Plants for millions of years have depended on the mutually beneficial association with the mycorrhizae fungi. This symbiotic relationship has been observed for almost every plant in its natural habitat.
The association has been known to aid plants in water and nutrient absorption from the soil.
As a reminder, mycorrhizae, as the name depicts, is a fungus and the root of a plant. “Myco” means fungus, and “Rhizae” means root. There are mainly two types of mycorrhizae, the endo mycorrhizae and the ectomycorrhizae.
The endo mycorrhizae are also called arbuscular mycorrhizal fungi. They are the more important of the two types since they associate with most plants, over 90%.
These fungi are usually naturally present in the soil. But heavy agricultural practices like repeated tillage and long farrowing may have depleted them. It is then necessary to add these important fungi to the soil; here is how.
Getting The Mycorrhizae To Add
It has been said that arbuscular mycorrhizae are the best option. How and where then do you get these lovelies? There are commercial inoculants of these fungi on sale.
These inoculants are available in diverse forms such as granules, liquids, and powder.
The inoculants are mainly composed of either mycorrhizal spores, colonized root fragments, or viable hyphae. Sometimes already inhabited roots of some plants can be used to add the mycorrhizae to the soil.
There are methods through which you can make your own inoculant without having to buy the commercial ones. That is a subject for another time.
Let us now consider the ways through which you can add the commercial mycorrhizal inoculant to the soil.
Ways Of Adding Mycorrhizae To The Soil
Irrespective of the mycorrhizal inoculant form, it is best added when the root is still young. The early root colonization will allow the plant to benefit from the association maximally.
Seed Application Method
This is the best method for adding mycorrhizae to the soil. The inoculant is added to the seeds before planting. This will allow the roots to be colonized as early as possible, resulting in a closed knit relationship.
As the seeds germinate, the spores or colonized root fragments begin the colonization at the contact of living root tissue. Within weeks, the mycorrhizal association will be established.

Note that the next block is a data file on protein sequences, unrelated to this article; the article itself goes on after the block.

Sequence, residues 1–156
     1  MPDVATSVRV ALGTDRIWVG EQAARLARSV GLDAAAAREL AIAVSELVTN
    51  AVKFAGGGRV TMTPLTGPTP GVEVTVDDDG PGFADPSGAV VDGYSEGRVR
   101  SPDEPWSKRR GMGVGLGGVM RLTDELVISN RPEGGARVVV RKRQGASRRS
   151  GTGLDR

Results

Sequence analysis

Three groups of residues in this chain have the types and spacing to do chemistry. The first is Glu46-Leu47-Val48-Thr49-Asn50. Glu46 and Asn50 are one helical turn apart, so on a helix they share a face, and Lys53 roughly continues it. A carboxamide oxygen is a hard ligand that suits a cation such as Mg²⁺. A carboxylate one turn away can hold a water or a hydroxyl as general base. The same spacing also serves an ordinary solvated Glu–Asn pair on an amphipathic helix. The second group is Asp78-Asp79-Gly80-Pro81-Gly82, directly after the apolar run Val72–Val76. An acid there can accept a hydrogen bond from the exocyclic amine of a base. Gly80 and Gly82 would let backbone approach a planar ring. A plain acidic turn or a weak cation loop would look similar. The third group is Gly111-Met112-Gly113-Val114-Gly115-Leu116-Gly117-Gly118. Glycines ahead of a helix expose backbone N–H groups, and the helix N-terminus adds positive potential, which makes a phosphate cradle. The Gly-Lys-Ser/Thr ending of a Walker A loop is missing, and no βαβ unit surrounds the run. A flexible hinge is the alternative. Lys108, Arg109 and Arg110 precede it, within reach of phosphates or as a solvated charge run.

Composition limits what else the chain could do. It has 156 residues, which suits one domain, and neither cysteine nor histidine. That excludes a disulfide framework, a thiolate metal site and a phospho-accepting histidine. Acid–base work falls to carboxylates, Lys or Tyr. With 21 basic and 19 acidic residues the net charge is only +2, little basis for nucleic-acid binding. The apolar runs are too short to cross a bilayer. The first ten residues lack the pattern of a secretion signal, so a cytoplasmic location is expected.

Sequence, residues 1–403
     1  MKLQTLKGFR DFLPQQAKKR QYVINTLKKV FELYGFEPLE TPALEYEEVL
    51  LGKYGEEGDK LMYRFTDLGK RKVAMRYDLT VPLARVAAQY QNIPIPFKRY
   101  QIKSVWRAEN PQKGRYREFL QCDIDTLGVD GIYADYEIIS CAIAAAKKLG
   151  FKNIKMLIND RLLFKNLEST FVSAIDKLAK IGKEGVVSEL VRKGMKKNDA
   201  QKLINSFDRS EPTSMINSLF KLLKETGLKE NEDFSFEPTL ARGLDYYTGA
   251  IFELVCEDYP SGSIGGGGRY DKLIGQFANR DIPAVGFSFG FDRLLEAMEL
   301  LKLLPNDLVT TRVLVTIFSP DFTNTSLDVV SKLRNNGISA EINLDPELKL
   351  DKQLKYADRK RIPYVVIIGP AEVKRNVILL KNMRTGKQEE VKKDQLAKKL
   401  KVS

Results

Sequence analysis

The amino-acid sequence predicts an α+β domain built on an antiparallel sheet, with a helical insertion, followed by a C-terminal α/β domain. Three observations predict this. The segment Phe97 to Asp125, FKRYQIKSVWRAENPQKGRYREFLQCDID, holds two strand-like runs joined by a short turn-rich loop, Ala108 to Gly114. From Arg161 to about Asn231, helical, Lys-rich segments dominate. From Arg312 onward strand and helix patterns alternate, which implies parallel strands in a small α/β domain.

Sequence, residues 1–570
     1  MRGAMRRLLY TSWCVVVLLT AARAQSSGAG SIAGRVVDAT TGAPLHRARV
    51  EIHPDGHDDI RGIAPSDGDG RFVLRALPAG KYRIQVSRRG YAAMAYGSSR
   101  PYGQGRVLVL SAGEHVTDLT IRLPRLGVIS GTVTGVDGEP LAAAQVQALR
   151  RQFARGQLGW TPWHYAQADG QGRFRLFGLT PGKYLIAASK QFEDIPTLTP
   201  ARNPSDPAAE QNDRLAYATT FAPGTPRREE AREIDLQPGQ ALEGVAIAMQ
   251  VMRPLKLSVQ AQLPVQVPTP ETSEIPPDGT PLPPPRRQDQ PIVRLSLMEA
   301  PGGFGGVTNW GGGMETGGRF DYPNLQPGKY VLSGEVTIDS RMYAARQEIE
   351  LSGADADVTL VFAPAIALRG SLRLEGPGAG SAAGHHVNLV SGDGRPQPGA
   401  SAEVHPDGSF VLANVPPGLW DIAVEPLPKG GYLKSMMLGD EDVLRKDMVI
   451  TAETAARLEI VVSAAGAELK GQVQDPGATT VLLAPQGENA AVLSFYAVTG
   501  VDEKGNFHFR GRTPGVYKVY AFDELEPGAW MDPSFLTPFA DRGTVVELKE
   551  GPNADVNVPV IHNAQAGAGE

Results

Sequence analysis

The seed application method is done by treating the seeds with the inoculant. It is powdered, and the liquid forms of the inoculant are best used. The granular form of the inoculant can also be used while planting the seeds.
A few portions of the granules is added into the planting furrows along with the seed. This achieves similar results as the seed treatment methods with the liquid or powdered forms.
Take the following steps to do the seed treatment with the mycorrhizae inoculant.
- Decide the best form of inoculant for your seed, either the powdered or liquid (seeds with hairy surfaces like oat, barley, wheat, etc. can be treated with the powdered form).
- If the inoculant is water-soluble, dissolve about ¼ teaspoon in a gallon of water.
- Spray the seeds lightly with the liquid inoculants or mix a few portions of the inoculant with other seed treatment liquids.
- You can alternatively soak the seeds in the inoculant and water mix for about 24 hours.
- Add a tackifier to smooth seeds if you only have the powdered non-soluble inoculant.
- The powdered inoculant is sprinkled on the seed and mixed for even distribution.
- If you are using a seedbox, the powder can be sprinkled as the seeds are being placed.
When you have the granular form of the inoculant, it may be hard to do the seed treatment method. The fungi can be added after the seeds have been planted in several ways.
The mycorrhizal inoculants can also be added when seedlings are being transplanted.
For the transplant, you can rub the powdered, or a few granular inoculates on the root ball. The inoculants can also be poured at the base of the trenches before putting the seedlings.
After the transplanting, it can also be added in furrows near the base of the seedlings. The powdered form, granules, or liquid can be used in this case.
This will also allow the association to start early enough for practical benefits.
Established Plants Methods
For established plants, it is also possible to add mycorrhizae to the soil around them. Few granules can be dipped into the soil adjacent to the growing crop.
The roots will get inoculated and colonized as soon as they grow to that region. This may invariably require more volume of inoculants than the seed treatment method.
Soluble inoculants can also be used in solutions. They may be mixed with compost tea and applied to the soil. This method will be more effective for porous soil where the inoculant can easily percolate.
The mycorrhizae will establish the association as soon as they meet with root tissues in the soil. It is good to remember watering the soil after the spraying to enhance the percolation.
For an effective mycorrhizae result, it is essential to take note of some things.
- You should give the mycorrhizae time to get established before the use of fungicides. About three weeks
- It is best to use organic fertilizers at this time. Increased soluble nitrogen and phosphorus hinders the mycorrhizal association.
- Less tilling, more compost, humates, and fish fertilizers enhance the growth of the mycorrhizae.
You’re All Done
Whichever form of the mycorrhizae inoculate you have chosen to use, ensure it has not expired. It is now time to sit back and see the tremendous good that will come to your garden.
You are wondering how you can be sure the process is worth the try!
This is why you must leave a portion of your seed or seedlings or established plant untreated.
There should a control population of the plant so that you can well appreciate the worth. Once you have added the mycorrhizae well, you may not need to worry again. Once the mycorrhizae relationship is established, you are all done.